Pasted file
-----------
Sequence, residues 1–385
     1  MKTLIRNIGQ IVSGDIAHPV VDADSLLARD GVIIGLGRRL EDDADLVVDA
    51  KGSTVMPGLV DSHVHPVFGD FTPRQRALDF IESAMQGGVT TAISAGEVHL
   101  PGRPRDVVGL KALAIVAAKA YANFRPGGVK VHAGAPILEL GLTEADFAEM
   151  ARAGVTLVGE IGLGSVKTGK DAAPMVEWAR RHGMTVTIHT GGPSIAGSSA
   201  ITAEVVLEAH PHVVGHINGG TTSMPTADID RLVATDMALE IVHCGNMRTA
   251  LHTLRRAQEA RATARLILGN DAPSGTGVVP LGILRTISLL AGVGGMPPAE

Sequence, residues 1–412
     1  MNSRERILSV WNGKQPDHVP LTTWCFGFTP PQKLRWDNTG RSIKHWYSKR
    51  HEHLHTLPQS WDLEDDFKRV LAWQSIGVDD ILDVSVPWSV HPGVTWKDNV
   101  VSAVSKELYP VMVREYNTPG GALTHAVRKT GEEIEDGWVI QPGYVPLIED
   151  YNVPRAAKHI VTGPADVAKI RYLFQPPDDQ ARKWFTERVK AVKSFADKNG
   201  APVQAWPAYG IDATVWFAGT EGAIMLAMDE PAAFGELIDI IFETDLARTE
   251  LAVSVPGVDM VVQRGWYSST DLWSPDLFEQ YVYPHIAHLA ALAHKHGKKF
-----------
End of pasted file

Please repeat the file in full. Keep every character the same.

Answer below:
Sequence, residues 1–385
     1  MKTLIRNIGQ IVSGDIAHPV VDADSLLARD GVIIGLGRRL EDDADLVVDA
    51  KGSTVMPGLV DSHVHPVFGD FTPRQRALDF IESAMQGGVT TAISAGEVHL
   101  PGRPRDVVGL KALAIVAAKA YANFRPGGVK VHAGAPILEL GLTEADFAEM
   151  ARAGVTLVGE IGLGSVKTGK DAAPMVEWAR RHGMTVTIHT GGPSIAGSSA
   201  ITAEVVLEAH PHVVGHINGG TTSMPTADID RLVATDMALE IVHCGNMRTA
   251  LHTLRRAQEA RATARLILGN DAPSGTGVVP LGILRTISLL AGVGGMPPAE

Sequence, residues 1–412
     1  MNSRERILSV WNGKQPDHVP LTTWCFGFTP PQKLRWDNTG RSIKHWYSKR
    51  HEHLHTLPQS WDLEDDFKRV LAWQSIGVDD ILDVSVPWSV HPGVTWKDNV
   101  VSAVSKELYP VMVREYNTPG GALTHAVRKT GEEIEDGWVI QPGYVPLIED
   151  YNVPRAAKHI VTGPADVAKI RYLFQPPDDQ ARKWFTERVK AVKSFADKNG
   201  APVQAWPAYG IDATVWFAGT EGAIMLAMDE PAAFGELIDI IFETDLARTE
   251  LAVSVPGVDM VVQRGWYSST DLWSPDLFEQ YVYPHIAHLA ALAHKHGKKF